Hangzhou, capital of Zhejiang Province, is the southern end of the Grand Canal and one of China's seven ancient national capitals. When Marco Polo came to Hangzhou in the 13th century he acclaimed that "it is the most beautiful and elegant city in the world". There is also a popular saying: "Above there is heaven, below there are Hangzhou and Suzhou." Hangzhou's "heavenly" beauty attracts hundreds of thousands of tourists to its exquisite West Lake (Xi Hu) vicinity each year, to enjoy the placid lake, beautiful gardens, reflecting pools, lavish temples and friendly lakeside teahouses. Hangzhou is also famous for silk and tea. Main tourists attractions include West Lake, Lingyin Temple, Feilai Peak, Pagoda of Six Harmonies, Yue Fei Tomb, Baoshu Pagoda, Huanglong Cave and Hulong Well.
Lying on the west edge of Hangzhou city, West Lake is the symbol of Hangzhou as well as one of the most beautiful sights in China. Early in the Song dynasty, the famous poet Su Shi compared the lake to Xizi, a Chinese Cleopatra: "Ripping water shimmering on sunny day; Misty mountains wonder in the rain; Plain or gaily decked out like Xizi; the West Lake is always alluring". So the Lake is also known as Xizi Lake. With an area of 5.6 sqkm and a circumference of 15km (9 miles), West Lake, surround in three sides by rolling wooded hills, has captivated countless visitors for centuries.
Legend has it that West Lake was originally a jewel fallen from heaven. Actually it is a lagoon formed as a result of natural changes and human efforts. Ten thousand years ago, the lake was much larger than its present surface . Later, as silt accumulated and weeds overgrew, the lake shrank in size. The present West Lake consists of 5 sections, namely the Outer Lake, North Inner Lake, Yuehu Lake, West Inner Lake and Lesser South Lake.
The beauty of the West Lake lies in a lingering charm that survives the change of seasons in a year, of hours in a day, and of different weathers. In order to display the best beautiful aspect of West Lake, 10 sights were named by people as the most beautiful, which include Melting Snow at Broken Bridge, Spring Dawn at Sudi Causeway, Sunset Glow over Leifeng Hill, Lotus in the Breeze at Crooked Courtyard, Autumn Moon on Calm Lake, Listening to Orioles Singing in the Willows, Viewing Fish at Flowers Harbour, Evening Bell at Nanping Hill, Three Pools Mirroring the Moon, Twin Peaks Piercing the Clouds. Among these sights, Spring Dawn at Sudi Causeway tops the list. Built with silt in 1089 when Su Dongpo supervised the dredging of the lake, Su Causeway extends 2.8 kilometers with grass and peach and willow trees planted along its entire length. The bell rings at dawn as the moon is sinking in the west, weeping willows along the embankment sway in the morning haze, the lake blends in perfect harmony with the surrounding landscape like a roll of ink-and-water painting.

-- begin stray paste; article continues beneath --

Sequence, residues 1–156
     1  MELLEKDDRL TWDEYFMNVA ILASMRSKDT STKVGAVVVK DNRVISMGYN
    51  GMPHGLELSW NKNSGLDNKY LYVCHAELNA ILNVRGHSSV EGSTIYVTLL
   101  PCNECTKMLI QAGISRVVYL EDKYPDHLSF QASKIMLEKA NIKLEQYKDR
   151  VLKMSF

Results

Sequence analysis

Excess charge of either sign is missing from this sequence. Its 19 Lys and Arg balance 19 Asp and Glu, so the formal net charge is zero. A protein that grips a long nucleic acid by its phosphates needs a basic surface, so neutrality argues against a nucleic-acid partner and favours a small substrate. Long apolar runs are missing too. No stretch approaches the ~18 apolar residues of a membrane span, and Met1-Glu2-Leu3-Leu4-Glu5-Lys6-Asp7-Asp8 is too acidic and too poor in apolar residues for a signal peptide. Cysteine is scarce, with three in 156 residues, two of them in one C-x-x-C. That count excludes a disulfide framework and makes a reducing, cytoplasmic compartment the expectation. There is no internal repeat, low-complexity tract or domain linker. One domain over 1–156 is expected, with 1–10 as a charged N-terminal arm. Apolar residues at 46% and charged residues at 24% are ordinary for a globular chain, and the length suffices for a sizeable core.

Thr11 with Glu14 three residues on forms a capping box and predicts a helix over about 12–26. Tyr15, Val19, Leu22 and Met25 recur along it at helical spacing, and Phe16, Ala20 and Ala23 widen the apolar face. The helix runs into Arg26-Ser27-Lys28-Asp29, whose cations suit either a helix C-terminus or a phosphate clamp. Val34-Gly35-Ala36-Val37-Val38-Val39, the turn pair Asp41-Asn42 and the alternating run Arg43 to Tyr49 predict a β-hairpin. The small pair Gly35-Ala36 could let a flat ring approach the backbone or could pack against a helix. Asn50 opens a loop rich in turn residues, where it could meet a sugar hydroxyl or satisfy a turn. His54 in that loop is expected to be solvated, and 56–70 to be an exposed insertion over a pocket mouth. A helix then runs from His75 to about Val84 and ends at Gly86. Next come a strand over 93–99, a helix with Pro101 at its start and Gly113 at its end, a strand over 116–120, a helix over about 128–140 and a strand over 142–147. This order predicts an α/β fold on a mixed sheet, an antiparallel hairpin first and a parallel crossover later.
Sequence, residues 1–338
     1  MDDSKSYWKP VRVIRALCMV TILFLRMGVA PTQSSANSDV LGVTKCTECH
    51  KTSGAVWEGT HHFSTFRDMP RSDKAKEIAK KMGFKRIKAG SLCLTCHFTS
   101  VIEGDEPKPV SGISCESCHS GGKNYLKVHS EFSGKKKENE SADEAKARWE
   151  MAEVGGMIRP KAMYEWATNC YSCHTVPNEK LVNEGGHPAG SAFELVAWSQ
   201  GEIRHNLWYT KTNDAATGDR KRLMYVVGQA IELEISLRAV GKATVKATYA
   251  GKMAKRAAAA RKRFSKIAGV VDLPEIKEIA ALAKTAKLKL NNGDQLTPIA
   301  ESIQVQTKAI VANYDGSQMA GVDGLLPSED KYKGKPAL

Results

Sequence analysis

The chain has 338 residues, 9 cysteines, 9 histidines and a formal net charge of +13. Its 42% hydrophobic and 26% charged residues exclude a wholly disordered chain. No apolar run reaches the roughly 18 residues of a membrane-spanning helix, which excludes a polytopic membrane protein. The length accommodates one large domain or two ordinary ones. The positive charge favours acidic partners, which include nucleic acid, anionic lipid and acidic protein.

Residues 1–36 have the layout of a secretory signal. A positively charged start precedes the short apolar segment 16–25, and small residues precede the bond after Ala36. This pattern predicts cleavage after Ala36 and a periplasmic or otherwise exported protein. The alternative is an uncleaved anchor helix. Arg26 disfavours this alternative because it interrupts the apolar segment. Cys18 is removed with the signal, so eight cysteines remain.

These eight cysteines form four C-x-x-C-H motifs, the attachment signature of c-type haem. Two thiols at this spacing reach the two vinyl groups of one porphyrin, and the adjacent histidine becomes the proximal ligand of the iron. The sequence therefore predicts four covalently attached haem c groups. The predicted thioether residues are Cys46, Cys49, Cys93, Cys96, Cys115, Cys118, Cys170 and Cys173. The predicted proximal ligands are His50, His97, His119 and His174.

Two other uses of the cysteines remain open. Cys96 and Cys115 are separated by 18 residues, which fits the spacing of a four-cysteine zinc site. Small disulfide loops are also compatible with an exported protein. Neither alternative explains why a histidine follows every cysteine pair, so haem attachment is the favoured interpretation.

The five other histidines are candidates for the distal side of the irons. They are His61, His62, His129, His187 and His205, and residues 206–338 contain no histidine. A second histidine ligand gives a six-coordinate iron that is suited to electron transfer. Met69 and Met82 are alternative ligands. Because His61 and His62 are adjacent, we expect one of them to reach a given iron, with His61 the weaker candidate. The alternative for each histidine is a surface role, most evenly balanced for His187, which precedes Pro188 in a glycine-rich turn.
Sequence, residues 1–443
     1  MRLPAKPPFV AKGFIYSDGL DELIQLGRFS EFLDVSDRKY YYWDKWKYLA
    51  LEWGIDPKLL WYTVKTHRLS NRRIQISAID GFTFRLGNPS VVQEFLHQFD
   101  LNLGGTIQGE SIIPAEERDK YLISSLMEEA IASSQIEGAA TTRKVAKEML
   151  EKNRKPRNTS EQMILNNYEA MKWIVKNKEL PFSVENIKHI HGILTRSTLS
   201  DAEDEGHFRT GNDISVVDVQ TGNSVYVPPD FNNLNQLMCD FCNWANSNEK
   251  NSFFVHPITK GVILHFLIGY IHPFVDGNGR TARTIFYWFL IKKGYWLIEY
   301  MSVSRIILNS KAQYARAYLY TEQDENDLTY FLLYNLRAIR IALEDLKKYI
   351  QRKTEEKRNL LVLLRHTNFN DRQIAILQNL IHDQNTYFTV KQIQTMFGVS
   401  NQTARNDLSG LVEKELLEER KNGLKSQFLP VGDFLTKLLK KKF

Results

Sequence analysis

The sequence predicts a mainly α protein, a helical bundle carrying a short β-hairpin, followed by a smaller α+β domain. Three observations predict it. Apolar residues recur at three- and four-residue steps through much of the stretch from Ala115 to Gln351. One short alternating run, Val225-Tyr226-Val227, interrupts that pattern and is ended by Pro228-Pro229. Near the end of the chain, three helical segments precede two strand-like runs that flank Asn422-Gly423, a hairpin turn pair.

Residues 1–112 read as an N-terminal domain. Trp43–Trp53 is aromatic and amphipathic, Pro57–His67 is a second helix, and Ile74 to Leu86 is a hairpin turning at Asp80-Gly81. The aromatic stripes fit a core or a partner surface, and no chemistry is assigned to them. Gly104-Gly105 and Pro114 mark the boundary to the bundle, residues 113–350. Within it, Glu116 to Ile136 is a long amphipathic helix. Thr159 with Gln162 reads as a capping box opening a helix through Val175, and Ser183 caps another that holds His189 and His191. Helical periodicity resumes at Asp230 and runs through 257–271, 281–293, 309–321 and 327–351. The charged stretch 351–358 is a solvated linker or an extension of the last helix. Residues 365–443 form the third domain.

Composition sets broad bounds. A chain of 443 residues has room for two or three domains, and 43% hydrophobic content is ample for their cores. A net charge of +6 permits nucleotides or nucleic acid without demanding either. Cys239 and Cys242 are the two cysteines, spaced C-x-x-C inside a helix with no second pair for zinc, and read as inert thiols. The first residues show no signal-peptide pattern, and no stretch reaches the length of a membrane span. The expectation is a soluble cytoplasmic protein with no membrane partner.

Viewing Fish at Flowers Harbour is to the west of the 5th and 6th bridges on the Su Causeway. Buildings erected in Song times surround a pond in which golden carp are raised. Here visitors can watch fish swimming in the water and flowers in blossom on land.
Possessing such a fairyland in this city, no wonder Hangzhou enjoys the fame "There is a paradise in heaven and Suzhou and Hangzhou on earth.
Hupao Spring (Tiger Running Spring)
Hupao Spring is located six kilometers from Hangzhou city, at the foot of Daci (Great Compassion) Hill which stretches between the West Lake and the Qiantang River.Legend goes that there used to be a temple and a monk named Xingkong once lived in it during the Tang dynasty (618 - 907). Later, owing to lack of water, the monk had to plan to leave the temple. One night, he had a dream, in which an immortal told him two tigers would move a fountain here. As expected, in the next day, two mighty tigers from the Mt. Hengshan ran around the spot and dug a hole which caused the spring to gush forth. Hence the name Hupao Spring (Tiger Running Spring)
While as a matter of fact, Hupao Spring forms as the result of underground water seeping through veins and cracks within quartz sandstone that will not be eroded by acid materials. Due to its low content of mineralized ingredients and high percentage of radon, a radioactive element, the spring water, tasting pure, sweet and cold, is an ideal beverage for health. What is more, the spring water has high surface tension. Put a coin into a bowl filled up to the rim, and the water rises three millimeters above the bowl edge, but it does not overflow.
Since the ancient times, Hupao Spring and Dragon Well Tea, which born to fit each other and showcase each other's best, have been known as two wonders in the West Lake. Today, when locals pondered over all tourist attractions in Hangzhou for the new top ten scenic spots, Hupao Spring was chosen for its excellent temperament.